No luck needed for this Ir­ish­man as he takes on world cham­pi­onships

Gatton Star - - FRONT PAGE - — Ja­son Gibbs

REIN­ING: Lockyer Val­ley rider Ben O’sul­li­van hopes to in­spire a new gen­er­a­tion of riders – Ir­ish riders.

The 50-year-old, who will rep­re­sent Ire­land in the rein­ing dis­ci­pline at the World Eques­trian Cham­pi­onships, hopes to add a “new string to the bow” of his home coun­try’s fa­mous horse her­itage.

“A place would be fan­tas­tic at the cham­pi­onships,” O’sul­li­van.

“How­ever I have to be re­al­is­tic. I’ll be up against the world’s best riders.

“Ir­ish breed horses make up a large per­cent­age of the world cham­pi­ons in show-jump­ing and event­ing.

“So I’d love to do my part to help us be­come known for our riders as well – show the next gen­er­a­tion it can be done.”

The proud Ir­ish in­ter­na­tional found his way to Aus­tralia by a most un­usual path.

“I was work­ing and train­ing with the Kuwait royal fam­ily when the first Gulf War broke out,” he said.

“Af­ter that lit­tle ad­ven­ture I de­cided to move and I found my­self in Aus­tralia. I love it here in the Lockyer Val­ley – it’s a spe­cial place.

“And I can’t thank the South­ern Queens­land Rein­ing Horse As­so­ci­a­tion in Gat­ton enough, they’ve been a huge sup­port over the years.”

O’sul­li­van will head to Tryon, North Carolina, in the US in Sep­tem­ber to com­pete at the cham­pi­onships.

Qualification for the cham­pi­onships took him to Chile and more re­cently Canada.

“I scored 71.5 in Chile and 70.5 in Canada,” O’sul­li­van said.

“My per­for­mance in Canada was enough to se­cure my qualification as I needed two scores of more than 70.”

O’sul­li­van will com­pete at the up­com­ing cham­pi­onships on an Amer­i­can horse.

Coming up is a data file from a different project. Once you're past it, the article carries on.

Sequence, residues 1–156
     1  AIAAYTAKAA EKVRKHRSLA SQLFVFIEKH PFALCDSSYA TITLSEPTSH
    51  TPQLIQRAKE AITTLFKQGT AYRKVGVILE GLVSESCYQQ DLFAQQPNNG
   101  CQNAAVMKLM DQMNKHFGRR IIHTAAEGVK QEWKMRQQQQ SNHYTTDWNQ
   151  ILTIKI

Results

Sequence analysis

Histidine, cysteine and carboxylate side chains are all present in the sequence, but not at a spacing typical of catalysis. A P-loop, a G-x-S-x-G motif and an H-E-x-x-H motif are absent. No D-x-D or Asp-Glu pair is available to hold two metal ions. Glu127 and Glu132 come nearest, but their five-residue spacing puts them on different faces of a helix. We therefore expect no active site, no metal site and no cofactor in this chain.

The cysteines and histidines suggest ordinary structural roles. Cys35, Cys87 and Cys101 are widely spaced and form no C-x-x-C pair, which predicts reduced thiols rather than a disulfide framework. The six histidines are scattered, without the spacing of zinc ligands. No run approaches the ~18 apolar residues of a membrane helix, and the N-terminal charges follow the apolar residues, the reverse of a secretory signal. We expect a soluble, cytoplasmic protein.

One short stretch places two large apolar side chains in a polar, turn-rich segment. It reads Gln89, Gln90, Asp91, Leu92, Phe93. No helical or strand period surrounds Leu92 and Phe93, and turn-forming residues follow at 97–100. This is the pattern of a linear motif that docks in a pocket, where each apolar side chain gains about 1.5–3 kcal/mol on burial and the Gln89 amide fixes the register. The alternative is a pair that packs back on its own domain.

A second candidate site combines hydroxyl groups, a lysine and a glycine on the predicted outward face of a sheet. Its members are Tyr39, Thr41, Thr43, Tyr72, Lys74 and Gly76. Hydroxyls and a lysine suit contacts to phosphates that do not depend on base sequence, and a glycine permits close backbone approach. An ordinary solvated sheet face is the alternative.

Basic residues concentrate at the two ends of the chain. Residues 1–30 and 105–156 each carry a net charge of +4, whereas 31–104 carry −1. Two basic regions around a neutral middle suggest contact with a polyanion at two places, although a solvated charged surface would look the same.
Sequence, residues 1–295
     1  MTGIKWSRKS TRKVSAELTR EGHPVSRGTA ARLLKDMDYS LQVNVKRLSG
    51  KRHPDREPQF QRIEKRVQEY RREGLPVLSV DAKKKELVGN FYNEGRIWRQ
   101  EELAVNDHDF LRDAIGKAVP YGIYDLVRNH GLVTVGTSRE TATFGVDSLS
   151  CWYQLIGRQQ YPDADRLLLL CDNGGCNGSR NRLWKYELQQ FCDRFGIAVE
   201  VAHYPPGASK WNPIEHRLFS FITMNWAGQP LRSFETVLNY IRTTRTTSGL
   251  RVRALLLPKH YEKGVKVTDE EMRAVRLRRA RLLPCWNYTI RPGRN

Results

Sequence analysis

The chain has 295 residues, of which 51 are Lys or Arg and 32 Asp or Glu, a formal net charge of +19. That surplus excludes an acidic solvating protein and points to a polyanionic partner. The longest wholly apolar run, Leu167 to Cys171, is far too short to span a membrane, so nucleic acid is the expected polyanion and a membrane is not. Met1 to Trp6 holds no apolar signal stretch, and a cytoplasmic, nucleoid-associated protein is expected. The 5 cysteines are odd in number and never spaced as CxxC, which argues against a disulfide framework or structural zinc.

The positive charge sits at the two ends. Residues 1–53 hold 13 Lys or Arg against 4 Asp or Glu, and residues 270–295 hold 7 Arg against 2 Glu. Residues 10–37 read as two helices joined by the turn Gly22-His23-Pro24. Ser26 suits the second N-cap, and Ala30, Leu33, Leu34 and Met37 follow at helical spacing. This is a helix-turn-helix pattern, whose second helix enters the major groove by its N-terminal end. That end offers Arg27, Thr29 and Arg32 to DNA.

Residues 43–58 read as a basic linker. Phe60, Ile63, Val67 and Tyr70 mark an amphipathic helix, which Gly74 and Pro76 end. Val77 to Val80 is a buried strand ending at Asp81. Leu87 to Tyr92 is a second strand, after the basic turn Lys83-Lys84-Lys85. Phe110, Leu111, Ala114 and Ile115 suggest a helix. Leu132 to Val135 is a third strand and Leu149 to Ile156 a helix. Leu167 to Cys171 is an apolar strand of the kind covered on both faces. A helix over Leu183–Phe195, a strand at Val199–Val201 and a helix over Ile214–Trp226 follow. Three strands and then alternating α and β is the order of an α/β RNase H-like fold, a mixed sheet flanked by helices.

“It’s very ex­pen­sive ship­ping a horse – al­most pro­hib­i­tive for some­one like my­self,” he said.

“I’ve been of­fered a num­ber of Amer­i­can horses, sev­eral that I have worked with in the past.

“I’m in the process of fi­nal­is­ing which horse I will com­pete on now.”

Com­pet­ing on a dif­fer­ent horse will be of lit­tle con­cern to the sea­soned rider.

“I took up rein­ing about five years ago,” he said.

“Prior to the that I was a three-day even­ter.

“Rein­ing is just a lit­tle kinder on the body.

“Good rein­ing should look ef­fort­less – the horse should look as though it is be­ing will­ingly guided.” What is rein­ing? Rein­ing is a western rid­ing com­pe­ti­tion for horses where the riders guide the horses through a pre­cise pat­tern of cir­cles, spins and stops. Each part of the pat­tern is judged on pre­ci­sion, smooth­ness and fi­nesse. Points for each ma­noeu­vre are added or sub­tracted by in­cre­ments of 0.5, 1 and 1.5 – a score of 70 is con­sid­ered very com­pet­i­tive.


WORLD CLASS: Lockyer Val­ley rider Ben O'sul­li­van and Hang Ten to Yuma per­form a slid­ing stop dur­ing the 2018 Rein­ing Al­berta Spring Clas­sic in Canada. O'sul­li­van’s score at the event se­cured his place at the World Eques­trian Games, where he will rep­re­sent Ire­land.

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